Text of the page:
from team dirs
On Tuesday, 2nd August 2016, the Dept. of Inter-Religious Studies (DIRS) and the AICUF organized a Panel Discussion on the same theme that was taken for the College Day Mass held on 30th July: "To Be Religious Is To Be Inter-Religious." The panelists were professors from different faculties and different religious traditions too: Gulshan Shaikh (Science), Radhika Rani (Arts), Periyanayagi Subramaniam (BMM), and Awanish Kumar (Public Policy/BMS). The panel was skilfully chaired by Rector Fr. Tony J D'Souza.
Our team member Amruta has written about her experience in this blog post.
The event opened to the mellifluous tunes of mood elevating music as groups of excited students began to stream in and make themselves comfortable. Whilst they occupied themselves in choosing seats and waiting impatiently for the event to commence, Father Prashant could be seen enjoying an animated discussion with two of the revered panellists, Prof Radhika Rani and Prof Gulshan Shaikh. Photographers clicked away at top speed and were swept off their feet at all times, by their keenness to take tonnes of good snaps.
The boisterous crowd was soon quietened by the arrival of Sania who then proceeded to give the introductory speech in a nutshell. The lights were dimmed and a short, mind-boggling video was presented to the crowd. Gasps and whispers of horror rippled through the crowd as the Hindu barber in the video ruthlessly killed his Muslim friend, his religious aggression triggered by the sight of a fellow Hindu stabbed multitudinous times by a Muslim crowd. Without giving the audience time to recover, the video then went on to show that the stabbing of the man was merely a scene for a movie, eliciting loud oohs and aahs from the flummoxed audience. If the students had been even slightly bored and not fully involved before, they were all attention after the video ended. The panellists were then invited to take centre stage and seat themselves, facing the crowd of onlookers. Father Tony, the chairperson of the event then took charge by introducing the panellists and giving a brief outline of the upcoming procedure of the event. He appealed to Prof Gulshan Shaikh to commence by enlightening the crowd with her views and her experiences of communal harmony and religious discrimination. She jumped off to a great start, choosing to commence with an Islamic greeting, and was greatly pleased when the audience responded positively. The tit-bits she shared about her childhood, personal life and about growing up in a Muslim family kept the audience entertained, but also reinforced in their minds the point she wished with great alacrity to put forth, that of Islam being a religion of peace unlike the current stereotypical beliefs about Islam being all for violence and brutality. She lost no opportunity to stress fervently on the importance of adaptation to the society and the necessity of seeing someone as a person rather than labelling them by their religion.
Prof Awnish Kumar picked up the discussion after Prof Gulshan, sharing the fact of his being an atheist and one of his fondest memories being that of the religious processions that accompanied the coming of Mohorram. The crowd burst out in fits of laughter when he narrated a rather amusing incident about a taxi driver informing him that he would never sell the 0786 license plate of his taxi, as he believed himself to be the lucky receiver of a divine artifact. Scooping up another one of his enlightening memories, he discussed with great energy, his beloved grandmother’s belief in the oneness of all Gods and the idea of ‘sacredness’. For him, religion is not just a set of ideas, but a set of cultural practices and all religions deserve equal importance.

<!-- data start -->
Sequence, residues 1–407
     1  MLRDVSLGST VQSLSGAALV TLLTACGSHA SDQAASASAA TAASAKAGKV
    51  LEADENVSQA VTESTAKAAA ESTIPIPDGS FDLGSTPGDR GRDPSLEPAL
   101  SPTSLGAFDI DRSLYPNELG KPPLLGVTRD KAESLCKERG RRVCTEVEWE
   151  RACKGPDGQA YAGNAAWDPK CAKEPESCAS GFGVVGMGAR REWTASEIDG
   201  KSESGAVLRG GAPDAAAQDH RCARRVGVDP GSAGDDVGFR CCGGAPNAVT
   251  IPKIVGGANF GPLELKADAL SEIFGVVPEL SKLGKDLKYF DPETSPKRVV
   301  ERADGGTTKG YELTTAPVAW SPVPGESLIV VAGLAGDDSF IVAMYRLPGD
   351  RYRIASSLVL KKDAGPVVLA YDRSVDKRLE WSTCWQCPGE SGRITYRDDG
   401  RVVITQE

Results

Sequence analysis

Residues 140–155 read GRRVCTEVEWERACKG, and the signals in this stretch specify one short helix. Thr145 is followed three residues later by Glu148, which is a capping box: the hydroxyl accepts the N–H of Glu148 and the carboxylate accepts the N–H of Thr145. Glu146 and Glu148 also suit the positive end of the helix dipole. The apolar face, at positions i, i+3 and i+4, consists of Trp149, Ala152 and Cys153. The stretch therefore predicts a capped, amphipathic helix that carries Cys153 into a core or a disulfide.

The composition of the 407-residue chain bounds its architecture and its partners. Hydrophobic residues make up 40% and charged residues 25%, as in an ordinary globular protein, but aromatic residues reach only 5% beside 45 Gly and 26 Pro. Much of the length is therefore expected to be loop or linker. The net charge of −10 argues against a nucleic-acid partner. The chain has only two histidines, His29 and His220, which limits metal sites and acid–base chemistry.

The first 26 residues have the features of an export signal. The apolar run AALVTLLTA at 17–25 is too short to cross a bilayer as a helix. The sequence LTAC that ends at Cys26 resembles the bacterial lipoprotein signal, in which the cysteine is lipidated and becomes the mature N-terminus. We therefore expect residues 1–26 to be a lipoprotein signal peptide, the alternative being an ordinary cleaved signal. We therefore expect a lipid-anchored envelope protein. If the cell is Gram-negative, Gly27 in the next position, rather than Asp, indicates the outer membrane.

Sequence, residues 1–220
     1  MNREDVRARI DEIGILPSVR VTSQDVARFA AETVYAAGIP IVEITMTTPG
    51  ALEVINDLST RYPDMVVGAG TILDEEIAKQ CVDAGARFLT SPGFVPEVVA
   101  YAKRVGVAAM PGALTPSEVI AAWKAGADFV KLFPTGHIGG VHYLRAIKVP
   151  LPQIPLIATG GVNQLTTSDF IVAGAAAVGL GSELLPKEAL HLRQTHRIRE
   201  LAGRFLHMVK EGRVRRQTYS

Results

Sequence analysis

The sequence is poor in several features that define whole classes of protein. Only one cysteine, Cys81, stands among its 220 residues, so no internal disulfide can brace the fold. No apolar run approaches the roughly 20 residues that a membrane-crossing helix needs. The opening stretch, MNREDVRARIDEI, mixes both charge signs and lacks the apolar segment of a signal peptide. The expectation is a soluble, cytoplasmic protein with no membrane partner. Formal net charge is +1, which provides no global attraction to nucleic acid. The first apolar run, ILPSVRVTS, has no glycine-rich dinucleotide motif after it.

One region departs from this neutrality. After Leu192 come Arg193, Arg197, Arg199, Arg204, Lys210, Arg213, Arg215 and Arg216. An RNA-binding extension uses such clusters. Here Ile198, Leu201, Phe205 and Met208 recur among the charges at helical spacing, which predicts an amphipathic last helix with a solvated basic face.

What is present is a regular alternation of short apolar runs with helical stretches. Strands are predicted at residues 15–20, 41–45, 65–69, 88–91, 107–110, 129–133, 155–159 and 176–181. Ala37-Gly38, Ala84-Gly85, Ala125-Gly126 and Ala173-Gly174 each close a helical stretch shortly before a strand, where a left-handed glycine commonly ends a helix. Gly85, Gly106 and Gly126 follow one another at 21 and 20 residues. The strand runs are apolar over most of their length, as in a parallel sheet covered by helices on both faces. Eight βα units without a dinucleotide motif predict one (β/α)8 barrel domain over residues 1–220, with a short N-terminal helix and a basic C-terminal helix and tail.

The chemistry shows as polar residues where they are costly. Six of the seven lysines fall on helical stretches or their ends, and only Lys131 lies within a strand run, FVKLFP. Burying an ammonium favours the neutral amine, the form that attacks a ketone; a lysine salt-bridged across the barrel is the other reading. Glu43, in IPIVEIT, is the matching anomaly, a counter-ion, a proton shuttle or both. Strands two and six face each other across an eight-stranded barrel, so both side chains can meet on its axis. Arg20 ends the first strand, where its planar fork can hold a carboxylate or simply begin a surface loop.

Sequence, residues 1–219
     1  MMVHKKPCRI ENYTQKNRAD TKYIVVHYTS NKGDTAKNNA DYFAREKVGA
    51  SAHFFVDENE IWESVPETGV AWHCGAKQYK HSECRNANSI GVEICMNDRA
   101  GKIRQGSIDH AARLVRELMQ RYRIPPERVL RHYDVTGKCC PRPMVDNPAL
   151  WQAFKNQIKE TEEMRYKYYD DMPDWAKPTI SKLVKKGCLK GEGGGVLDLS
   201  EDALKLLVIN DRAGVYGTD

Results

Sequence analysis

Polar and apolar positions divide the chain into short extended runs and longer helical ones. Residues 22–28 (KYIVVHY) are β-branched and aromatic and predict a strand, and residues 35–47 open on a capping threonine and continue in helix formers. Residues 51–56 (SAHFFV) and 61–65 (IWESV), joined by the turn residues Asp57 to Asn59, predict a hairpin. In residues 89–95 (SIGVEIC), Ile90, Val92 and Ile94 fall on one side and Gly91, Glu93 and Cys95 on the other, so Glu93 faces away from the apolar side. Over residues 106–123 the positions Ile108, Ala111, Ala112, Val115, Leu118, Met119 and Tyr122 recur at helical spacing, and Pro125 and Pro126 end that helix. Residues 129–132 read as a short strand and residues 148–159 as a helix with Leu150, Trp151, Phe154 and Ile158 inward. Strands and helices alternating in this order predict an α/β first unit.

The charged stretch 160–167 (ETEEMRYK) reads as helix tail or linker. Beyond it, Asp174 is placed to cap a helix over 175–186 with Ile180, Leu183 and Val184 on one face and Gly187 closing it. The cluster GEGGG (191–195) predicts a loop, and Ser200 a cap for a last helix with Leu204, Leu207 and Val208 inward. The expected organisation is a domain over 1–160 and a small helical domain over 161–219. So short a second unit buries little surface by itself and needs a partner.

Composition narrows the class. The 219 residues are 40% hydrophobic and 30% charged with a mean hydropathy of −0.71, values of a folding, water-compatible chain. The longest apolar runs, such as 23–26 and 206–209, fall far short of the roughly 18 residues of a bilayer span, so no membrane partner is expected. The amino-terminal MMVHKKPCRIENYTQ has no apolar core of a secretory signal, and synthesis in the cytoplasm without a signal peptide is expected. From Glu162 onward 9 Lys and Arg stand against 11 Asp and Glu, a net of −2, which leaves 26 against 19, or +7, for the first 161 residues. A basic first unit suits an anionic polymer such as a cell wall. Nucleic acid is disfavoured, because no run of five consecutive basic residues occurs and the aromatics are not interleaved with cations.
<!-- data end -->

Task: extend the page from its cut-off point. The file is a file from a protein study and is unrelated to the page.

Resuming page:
The importance of religious festivities was artfully taken up by Prof Radhika who went on to freely express her intelligent observation that festivals and celebrations are successful in uniting religions and making possible the mingling of cosmopolitan and hybrid crowds. She then expounded on the importance of dialogue as a means to eradicate people’s fear surrounding anything unfamiliar, in this context, say a different religious belief or a highly generalized conception of a particular religion such as Islam. She gave a few tid-bits on the Moholla committees founded by Julio Rebeiro and also shared the fact that though she was born and brought up a Hindu, she chose to convert to another religion because she believed in freedom of choice and the freedom to follow the value system one truly feels one identifies with.
However, one of Prof Radhika’s views was challenged by the fourth panellist, Prof Perri Subramanium who believed that festivities were more of commercial events rather than those arousing strong religious sentiments and harmonious thoughts. She believed festivals to be chief sources of manipulation of people’s thoughts and also the shaping of their ideas and beliefs. She gave more information on the Moholla committee and ended by saying that ‘When we don’t talk to people of different communities, we develop prejudices against them.’
- Amruta Khandekar, Team DIRS
How is laughter related to religion which is usually serious stuff? Religion as identity easily becomes a barrier. Laughter, much like music and dance, overcomes this barrier and bridges the gap created by ‘otherness’.
The DIRS had the pleasure of organizing a Laughter Yoga workshop on Tuesday, 23 August from 2.30 to 3.30 pm in the gymnasium. Mr. Modi and his team of senior youngsters of the Laughter Yoga Club, Juhu communicated the childlike joy and natural energy of Laughter to our students who were extremely stressed out by a flurry of activities, lectures, projects, exams, etc.
We discovered how to laugh away our stress. Laughter is such a lively and lovely “out of the box” way of inter-religious dialogue. If we can laugh together, whatever religion we belong to, we can live together!